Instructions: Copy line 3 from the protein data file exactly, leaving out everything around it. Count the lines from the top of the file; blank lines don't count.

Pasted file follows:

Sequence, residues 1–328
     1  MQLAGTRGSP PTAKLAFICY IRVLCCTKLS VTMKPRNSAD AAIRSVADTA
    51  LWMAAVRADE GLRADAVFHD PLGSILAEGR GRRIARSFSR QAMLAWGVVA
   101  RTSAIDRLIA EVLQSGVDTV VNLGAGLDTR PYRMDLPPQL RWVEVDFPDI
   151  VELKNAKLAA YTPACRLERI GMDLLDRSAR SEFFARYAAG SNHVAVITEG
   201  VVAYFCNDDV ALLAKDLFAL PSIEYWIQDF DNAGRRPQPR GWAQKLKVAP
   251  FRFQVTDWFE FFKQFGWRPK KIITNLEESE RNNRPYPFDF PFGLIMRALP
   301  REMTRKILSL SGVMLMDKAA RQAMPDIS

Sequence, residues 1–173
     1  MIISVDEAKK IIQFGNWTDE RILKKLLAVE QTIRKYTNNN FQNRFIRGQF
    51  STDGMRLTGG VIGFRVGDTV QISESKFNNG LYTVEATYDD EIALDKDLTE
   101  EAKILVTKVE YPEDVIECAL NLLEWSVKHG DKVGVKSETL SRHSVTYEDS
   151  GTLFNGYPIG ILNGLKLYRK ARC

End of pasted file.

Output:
    51  LWMAAVRADE GLRADAVFHD PLGSILAEGR GRRIARSFSR QAMLAWGVVA